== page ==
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WOW in the NEWS: Waterbirds Conservation Workshops Launched (Source: The Environment Press)

20-Nov-2007

Nairobi, November 19, 2007 - A series of international workshops on enhancing the conservation of Waterbirds in Eastern and Southern Africa was launched in Nairobi Yesterday. 'The timing of these workshops is opportune as we currently face various conservation challenges that include environmental degradation and loss of biodiversity in all regions of the world,' said Erustus Kanga, the head of ecological monitoring and biodiversity evaluation at Kenya Wildlife Service (KWS) in a speech read on behalf of the KWS Director, Dr. Julius Kipng'etich.

Nairobi, November 19, 2007 - A series of international workshops on enhancing the conservation of Waterbirds in Eastern and Southern Africa was launched in Nairobi Yesterday.

 'The timing of these workshops is opportune as we currently face various conservation challenges that include environmental degradation and loss of biodiversity in all regions of the world,' said Erustus Kanga, the head of ecological monitoring and biodiversity evaluation at Kenya Wildlife Service (KWS) in a speech read on behalf of the KWS Director, Dr. Julius Kipng'etich.

The initial workshop I this series begun Sunday at the Kenya Wildlife Training Institute in Naivasha and brings together 44 renowned scientists from 30 organisations coming from 23 countries. 

The workshops take place under the Wing Over Wetlands (WOW) project and Important Bird Areas (IBA) monitoring project.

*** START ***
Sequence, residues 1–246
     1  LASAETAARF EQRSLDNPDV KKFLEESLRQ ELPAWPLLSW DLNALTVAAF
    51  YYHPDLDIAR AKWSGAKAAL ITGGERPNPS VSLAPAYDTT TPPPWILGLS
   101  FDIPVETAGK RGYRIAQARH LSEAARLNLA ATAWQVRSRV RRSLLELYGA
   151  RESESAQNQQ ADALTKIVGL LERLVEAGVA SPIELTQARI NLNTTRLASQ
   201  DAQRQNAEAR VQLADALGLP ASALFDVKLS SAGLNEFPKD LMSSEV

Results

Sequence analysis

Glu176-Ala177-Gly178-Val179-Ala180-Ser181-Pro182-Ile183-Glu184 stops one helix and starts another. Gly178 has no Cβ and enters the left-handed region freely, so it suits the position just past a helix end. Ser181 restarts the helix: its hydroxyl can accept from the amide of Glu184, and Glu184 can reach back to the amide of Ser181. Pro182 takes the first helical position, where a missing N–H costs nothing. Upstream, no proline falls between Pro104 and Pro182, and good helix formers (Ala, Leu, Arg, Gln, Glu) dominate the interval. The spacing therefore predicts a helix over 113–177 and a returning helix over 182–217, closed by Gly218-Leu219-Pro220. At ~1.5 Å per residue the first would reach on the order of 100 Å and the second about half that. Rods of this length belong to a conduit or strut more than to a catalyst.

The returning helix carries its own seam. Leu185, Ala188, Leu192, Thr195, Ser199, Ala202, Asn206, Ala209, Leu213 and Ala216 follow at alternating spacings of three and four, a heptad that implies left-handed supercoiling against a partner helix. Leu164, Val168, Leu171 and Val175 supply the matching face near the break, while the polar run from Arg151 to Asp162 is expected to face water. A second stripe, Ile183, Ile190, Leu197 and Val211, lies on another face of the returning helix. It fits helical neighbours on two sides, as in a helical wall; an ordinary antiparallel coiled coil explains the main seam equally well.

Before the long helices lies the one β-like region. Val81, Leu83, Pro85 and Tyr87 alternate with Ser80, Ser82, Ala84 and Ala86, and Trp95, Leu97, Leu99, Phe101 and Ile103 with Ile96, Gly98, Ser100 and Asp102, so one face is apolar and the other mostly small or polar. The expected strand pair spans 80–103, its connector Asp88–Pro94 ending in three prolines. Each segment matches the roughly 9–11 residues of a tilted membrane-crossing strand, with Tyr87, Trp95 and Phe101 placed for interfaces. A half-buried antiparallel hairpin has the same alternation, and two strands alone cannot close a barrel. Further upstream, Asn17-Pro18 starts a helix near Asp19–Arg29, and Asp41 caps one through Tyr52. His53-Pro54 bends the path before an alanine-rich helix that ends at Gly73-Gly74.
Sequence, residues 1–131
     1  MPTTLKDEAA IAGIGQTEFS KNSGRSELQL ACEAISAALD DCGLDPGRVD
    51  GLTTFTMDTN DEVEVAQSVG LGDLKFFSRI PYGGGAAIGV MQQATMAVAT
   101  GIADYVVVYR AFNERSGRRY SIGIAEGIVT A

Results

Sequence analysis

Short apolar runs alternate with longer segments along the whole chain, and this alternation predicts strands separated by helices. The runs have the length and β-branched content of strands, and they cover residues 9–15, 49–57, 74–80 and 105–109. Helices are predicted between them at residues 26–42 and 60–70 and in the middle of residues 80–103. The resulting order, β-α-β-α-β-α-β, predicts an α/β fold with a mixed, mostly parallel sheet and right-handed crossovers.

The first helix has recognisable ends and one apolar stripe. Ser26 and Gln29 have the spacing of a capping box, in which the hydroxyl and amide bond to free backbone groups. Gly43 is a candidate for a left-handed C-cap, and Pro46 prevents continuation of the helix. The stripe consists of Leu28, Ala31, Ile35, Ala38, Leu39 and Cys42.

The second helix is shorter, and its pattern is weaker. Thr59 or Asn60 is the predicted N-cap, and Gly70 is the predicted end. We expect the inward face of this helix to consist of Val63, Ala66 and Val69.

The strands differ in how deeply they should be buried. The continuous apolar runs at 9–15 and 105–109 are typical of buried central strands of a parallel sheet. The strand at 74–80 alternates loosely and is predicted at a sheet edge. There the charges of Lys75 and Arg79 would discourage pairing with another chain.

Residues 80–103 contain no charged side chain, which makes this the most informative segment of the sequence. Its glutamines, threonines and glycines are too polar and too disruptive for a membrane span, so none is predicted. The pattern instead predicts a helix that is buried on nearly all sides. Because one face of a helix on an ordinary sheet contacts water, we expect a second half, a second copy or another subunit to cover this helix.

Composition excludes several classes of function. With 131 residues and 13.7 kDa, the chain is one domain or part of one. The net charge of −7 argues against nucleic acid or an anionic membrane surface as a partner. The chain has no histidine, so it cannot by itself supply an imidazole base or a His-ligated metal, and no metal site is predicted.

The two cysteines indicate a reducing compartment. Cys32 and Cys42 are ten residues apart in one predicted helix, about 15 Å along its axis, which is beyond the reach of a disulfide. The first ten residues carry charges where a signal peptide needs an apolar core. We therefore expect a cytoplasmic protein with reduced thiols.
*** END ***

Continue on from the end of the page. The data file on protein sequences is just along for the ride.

Wings Over Wetlands (WOW) -also known as the UNEP-GEF African-Eurasian Flyways Project, is a joint effort between leading international organisations and supporting governments dedicated to the conservation of Waterbirds and wetlands. 

The workshops are hosted by BirdLife International (BI) Africa Partnership Secretariat, Kenya Wildlife Service (KWS) and Wetlands International (WI).

KWS is responsible for developing a regional training and awareness raising programme while WI is responsible for organization, monitoring and data collection on water-birds.

In order to conserve migratory species, knowledge of the routes taken by birds and the role of particular sites is essential, BI.

However, a statement from BI says a significant number of IBAs have not been documented. 'Critical sites in the African-Eurasian Waterbirds Agreement (AEWA) Area are not all known. This hampers coordinated conservation efforts,' said the press release in part.

The workshops will focus on identifying areas where further surveys are necessary and on strengthening capacity to monitor these sites.

Deliberations are expected to enhance the database for monitoring Waterbirds across the network of sites and increased capacity to monitor Important Bird Areas (IBAs) in region.

The goal of the project is to protect migratory waterbirds, their migration routes and the key areas needed to complete their seasonal cycles.  WOW will run for four years, 2007-2010.

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